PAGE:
Hello, I’m Mark, I’m a 17-year-old pupil at school in Cumbernauld and I’m the Inclusion Ambassador for North Lanarkshire.
I went to Luxembourg to represent Scotland in a Europe-wide inclusive education conference. When we were there I got a good idea of what was important for pupils all over Europe – the key message is “Everything about us, with us”. We want to be heard and we want to have a say in anything that has to do with us. We are the experts in our own needs and we know what works and what doesn’t.
This is not just a message for politicians. It is the teachers that make the immediate difference to how inclusive a school is.
How schools can make sure all pupils feel included
Take my school – before I moved up to high school my year head met with my parents and me. We worked out barriers for me in and around the school, spoke with teachers in private to make sure they understood my needs and made a clear plan for every type of situation at school. This might all seem quite a bit of work for one pupil, yet this only took three meetings and it was all made so much easier because of the talking and listening that went on between me and the teacher.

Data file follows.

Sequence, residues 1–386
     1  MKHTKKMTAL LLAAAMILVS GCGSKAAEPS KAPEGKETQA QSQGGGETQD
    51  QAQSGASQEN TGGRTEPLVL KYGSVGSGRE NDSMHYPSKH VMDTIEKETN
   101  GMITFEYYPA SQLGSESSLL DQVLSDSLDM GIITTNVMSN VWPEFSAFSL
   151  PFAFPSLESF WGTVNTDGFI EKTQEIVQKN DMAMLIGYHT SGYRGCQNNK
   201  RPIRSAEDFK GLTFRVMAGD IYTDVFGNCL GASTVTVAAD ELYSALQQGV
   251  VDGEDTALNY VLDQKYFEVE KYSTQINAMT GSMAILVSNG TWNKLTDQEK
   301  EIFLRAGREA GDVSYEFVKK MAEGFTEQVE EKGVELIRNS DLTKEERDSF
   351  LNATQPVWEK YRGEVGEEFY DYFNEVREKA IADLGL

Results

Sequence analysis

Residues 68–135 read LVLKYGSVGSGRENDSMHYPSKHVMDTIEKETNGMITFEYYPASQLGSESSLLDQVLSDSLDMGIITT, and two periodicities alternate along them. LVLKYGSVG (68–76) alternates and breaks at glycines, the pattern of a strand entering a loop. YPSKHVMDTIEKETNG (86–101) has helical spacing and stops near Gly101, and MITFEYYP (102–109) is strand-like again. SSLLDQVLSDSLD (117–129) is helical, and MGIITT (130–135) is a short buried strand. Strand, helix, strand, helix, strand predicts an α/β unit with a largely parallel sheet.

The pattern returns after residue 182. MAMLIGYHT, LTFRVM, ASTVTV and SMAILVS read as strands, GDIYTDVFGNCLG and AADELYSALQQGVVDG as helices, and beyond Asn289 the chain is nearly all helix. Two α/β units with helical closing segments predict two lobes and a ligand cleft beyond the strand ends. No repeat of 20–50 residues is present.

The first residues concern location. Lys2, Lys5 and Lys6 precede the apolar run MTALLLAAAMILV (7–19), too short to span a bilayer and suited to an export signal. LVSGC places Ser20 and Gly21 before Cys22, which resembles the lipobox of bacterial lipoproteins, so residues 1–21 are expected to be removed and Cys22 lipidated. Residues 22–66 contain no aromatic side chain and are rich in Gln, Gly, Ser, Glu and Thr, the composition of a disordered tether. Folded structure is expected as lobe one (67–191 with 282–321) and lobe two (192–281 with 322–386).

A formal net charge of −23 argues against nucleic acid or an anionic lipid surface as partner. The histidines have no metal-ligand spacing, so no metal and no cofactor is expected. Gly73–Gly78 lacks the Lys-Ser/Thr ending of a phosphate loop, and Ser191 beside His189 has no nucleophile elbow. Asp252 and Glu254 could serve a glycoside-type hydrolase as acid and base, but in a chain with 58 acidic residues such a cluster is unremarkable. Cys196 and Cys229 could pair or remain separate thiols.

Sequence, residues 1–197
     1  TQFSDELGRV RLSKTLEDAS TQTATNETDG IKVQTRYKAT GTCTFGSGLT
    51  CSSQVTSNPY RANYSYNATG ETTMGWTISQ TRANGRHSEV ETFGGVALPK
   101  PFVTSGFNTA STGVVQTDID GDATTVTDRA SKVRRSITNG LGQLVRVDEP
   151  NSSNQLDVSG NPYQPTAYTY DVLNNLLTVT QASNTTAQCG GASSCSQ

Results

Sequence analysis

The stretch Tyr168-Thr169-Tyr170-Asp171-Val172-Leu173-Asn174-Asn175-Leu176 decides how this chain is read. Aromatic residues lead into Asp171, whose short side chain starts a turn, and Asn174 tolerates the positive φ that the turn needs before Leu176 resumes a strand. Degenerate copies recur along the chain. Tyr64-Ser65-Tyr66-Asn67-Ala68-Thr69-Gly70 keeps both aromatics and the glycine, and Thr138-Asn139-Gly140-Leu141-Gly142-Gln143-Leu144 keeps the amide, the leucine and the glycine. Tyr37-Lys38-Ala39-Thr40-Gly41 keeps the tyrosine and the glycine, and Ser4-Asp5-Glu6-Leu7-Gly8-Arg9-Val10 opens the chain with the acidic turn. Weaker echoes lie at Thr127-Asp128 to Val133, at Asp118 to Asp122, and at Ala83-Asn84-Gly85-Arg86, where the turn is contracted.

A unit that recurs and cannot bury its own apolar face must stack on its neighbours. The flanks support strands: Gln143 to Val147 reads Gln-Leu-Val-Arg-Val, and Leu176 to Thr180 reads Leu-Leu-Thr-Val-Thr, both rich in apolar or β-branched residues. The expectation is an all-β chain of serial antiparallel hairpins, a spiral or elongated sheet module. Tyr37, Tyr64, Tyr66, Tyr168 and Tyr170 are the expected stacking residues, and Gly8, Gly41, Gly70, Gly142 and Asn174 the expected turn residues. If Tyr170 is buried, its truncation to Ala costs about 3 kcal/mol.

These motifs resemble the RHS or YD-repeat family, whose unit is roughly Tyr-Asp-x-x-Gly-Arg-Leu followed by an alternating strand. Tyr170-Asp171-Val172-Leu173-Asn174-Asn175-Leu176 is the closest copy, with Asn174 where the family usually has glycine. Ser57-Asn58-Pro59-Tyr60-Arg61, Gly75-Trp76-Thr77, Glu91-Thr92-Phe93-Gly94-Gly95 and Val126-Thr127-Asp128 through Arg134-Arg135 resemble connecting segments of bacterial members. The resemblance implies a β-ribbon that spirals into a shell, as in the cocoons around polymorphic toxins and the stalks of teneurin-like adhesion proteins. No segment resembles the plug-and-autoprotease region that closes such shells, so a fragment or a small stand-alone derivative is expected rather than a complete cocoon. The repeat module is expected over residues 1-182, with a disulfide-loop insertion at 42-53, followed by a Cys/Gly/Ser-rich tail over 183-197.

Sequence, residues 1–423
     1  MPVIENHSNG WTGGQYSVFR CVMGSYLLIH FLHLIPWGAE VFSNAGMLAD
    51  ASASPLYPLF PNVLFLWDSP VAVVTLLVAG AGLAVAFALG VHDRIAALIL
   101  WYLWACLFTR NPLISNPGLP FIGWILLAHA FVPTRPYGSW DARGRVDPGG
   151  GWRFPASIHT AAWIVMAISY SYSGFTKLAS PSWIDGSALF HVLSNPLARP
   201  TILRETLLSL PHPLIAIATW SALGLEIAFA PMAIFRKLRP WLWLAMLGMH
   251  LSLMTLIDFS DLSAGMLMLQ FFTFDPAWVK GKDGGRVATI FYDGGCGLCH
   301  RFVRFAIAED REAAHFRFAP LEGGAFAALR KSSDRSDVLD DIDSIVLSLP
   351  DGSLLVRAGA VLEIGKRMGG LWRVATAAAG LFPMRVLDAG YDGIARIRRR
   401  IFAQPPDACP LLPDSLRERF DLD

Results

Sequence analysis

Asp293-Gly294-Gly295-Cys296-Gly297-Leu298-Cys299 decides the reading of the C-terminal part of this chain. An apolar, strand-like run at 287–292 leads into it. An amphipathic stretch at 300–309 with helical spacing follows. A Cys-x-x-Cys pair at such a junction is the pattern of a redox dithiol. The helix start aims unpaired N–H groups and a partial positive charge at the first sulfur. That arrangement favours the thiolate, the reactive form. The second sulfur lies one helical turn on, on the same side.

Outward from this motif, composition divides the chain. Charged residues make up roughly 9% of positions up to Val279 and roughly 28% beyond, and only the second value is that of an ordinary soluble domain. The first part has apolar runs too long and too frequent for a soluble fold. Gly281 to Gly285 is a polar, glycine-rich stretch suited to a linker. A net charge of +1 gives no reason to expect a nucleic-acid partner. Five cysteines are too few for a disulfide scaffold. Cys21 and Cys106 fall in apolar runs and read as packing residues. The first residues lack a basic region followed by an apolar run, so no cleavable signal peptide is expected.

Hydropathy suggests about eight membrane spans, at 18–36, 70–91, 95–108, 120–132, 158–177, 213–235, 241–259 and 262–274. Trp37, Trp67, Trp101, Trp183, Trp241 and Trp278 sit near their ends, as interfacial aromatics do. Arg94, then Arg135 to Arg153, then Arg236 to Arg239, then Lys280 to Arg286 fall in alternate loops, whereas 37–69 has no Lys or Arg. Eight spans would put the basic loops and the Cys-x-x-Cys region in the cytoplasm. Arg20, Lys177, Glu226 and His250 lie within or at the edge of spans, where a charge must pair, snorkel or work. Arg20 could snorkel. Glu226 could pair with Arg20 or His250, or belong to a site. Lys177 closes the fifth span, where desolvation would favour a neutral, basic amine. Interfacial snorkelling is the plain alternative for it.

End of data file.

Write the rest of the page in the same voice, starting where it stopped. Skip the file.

Sadly, some pupils do not have such a good experience as me, which is why I’m pleased to be one of the Inclusion Ambassadors for Education Scotland. We are a national group of young people who act as a ‘voice’ for pupils on inclusion. We share our views and experiences with Scottish Government Ministers, local authorities and schools. We are hoping to develop resources, a school pledge and a film in the coming months.
Here are three of our top priorities to make schools more inclusive:
- Social Problems: being excluded at break times and not having enough chances to be included and make friends are big issues. My school found a way around this by setting up a club where pupils could play computer games and socialise. This helped pupils who were often quiet to come out of their shell.
- Issues with Support staff: For some pupils (but not all), having support staff can sometimes feel like a barrier to their social life, and they might not need them as they get older.
- Awareness: We feel that there isn’t enough done by schools to raise awareness of the issues that pupils face or the reasons they need support. The worst thing schools can do is to pick out a specific pupil – that’s just everyone’s worst nightmare – but what schools can do is to educate the year group that other people have different needs and promote the fact that you are a diverse and inclusive school so it’s great to have all types of pupils.
For me, talking and listening are the key to true inclusion because without this everything you might be doing could be entirely irrelevant to the pupil. After all, how can you include someone who isn’t involved in the conversation?